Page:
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30 years of Erasmus: an evening with students from all over the world

On the occasion of the 30th anniversary of the ERASMUS programme, the University of Passau held an evening event in the refectory on its International Day. Around 150 international students and prospective exchange students about to study abroad were seated around different country tables and had a chance to meet students from their host country.

About 150 students from all over the world tool part in the evening event on the International Day at the University of Passau. Image: University of Passau.
About 150 students from all over the world tool part in the evening event on the International Day at the University of Passau. Image: University of Passau.

With more than 200 international partner universities for student exchanges, currently 18 international double degree programmes as well as the German-taught programmes in Russia and Hungary supported by the German Academic Exchange Service (DAAD), the University of Passau offers students a variety of opportunities to gather international experiences. Likewise, there is a steadily rising number of international exchange and degree-seeking students in Passau, and more than a third of Passau’s students spend a semester or more abroad. All in all, about ten percent of the current students at the University have a foreign passport.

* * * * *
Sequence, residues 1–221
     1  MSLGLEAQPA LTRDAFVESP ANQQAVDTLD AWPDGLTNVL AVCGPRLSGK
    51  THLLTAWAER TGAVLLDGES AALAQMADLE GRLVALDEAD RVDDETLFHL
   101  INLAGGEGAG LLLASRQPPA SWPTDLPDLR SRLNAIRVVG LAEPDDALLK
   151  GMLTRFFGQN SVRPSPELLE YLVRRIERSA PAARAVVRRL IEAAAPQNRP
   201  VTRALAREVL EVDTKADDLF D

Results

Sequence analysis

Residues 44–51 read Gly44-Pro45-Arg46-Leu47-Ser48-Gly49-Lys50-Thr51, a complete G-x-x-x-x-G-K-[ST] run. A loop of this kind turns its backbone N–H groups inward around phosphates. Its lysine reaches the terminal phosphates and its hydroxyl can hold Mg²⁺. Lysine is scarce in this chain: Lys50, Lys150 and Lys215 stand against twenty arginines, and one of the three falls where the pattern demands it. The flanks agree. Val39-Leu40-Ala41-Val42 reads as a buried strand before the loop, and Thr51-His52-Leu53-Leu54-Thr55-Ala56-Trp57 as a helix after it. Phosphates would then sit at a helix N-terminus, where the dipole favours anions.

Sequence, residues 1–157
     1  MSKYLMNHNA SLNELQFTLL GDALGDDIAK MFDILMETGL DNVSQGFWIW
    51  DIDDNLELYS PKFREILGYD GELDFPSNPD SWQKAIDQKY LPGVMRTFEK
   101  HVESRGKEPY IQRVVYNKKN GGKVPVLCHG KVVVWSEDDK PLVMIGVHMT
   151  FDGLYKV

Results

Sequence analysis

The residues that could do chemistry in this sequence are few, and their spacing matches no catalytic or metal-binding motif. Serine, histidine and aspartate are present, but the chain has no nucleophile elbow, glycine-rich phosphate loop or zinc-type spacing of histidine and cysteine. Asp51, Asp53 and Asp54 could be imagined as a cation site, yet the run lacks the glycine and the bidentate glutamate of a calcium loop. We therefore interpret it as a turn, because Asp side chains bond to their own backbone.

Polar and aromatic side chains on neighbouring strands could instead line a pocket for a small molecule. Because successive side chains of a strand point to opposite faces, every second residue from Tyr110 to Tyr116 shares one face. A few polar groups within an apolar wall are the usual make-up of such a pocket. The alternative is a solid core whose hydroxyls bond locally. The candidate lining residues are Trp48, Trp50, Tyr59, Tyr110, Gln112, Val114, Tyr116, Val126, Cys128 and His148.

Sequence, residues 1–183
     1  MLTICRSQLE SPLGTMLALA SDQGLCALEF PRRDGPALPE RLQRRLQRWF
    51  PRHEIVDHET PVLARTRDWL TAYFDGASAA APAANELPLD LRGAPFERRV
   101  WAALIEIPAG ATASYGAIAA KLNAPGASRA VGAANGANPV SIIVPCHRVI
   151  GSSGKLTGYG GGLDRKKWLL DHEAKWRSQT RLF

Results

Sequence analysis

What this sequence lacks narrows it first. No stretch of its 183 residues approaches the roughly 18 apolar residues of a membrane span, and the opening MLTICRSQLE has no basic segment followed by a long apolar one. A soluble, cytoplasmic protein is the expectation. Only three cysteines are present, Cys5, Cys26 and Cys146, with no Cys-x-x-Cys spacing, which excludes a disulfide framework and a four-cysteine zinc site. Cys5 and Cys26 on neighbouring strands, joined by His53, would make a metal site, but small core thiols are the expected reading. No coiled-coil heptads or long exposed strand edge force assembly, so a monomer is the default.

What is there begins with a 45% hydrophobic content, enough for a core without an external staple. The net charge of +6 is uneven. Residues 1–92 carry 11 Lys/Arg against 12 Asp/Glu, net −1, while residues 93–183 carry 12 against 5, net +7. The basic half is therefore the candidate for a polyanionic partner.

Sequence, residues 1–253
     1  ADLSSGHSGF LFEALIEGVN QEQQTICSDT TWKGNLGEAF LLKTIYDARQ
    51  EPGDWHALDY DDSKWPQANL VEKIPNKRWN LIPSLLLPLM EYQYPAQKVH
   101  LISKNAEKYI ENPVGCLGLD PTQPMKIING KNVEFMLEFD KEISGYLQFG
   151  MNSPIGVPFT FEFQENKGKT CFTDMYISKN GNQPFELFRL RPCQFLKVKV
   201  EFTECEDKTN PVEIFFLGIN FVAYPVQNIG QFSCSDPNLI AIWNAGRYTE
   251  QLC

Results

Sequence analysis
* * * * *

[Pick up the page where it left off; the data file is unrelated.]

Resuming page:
The Vice President for International Relations, Ursula Reutner, moderated the event and gave an introduction summarising the thirty-year history of the ERASMUS programme. Launched in 1987, the programme quickly gained popularity: by 2002, one million students had spent part of their studies in a European partner country – a figure that rose to two million in 2009, three million in 2013 and now to 4.4 million.

At the same time, the number of exchange students at the University of Passau was increasing: ‘In the course of the last ten years, we were able to increase the number of ERASMUS students going abroad by 50 percent, and the number of students coming to Passau from other European universities by 100 percent’, said Professor Reutner, adding that the ERASMUS programme was a key instrument for bringing the European spirit to people’s everyday lives: ‘Especially in times in which the EU finds itself confronted by a variety of challenges, the ERASMUS programme has an important contribution to make to the internal cohesion of the Union. The millions of students who have spent part of their studies in another European country will always consider Europe a part of their lives, and be the most persuasive proponents of the European idea’, Vice President Reutner said.

Over the course of the evening, Passau’s students had the special opportunity to establish contact with students from their intended host country ahead of their stay. At the same time, the participating international students got to know German students interested in their home country. Tamar Giorgobiani, a Georgian student at the University, provided the music for the event.

| 07.06.2017

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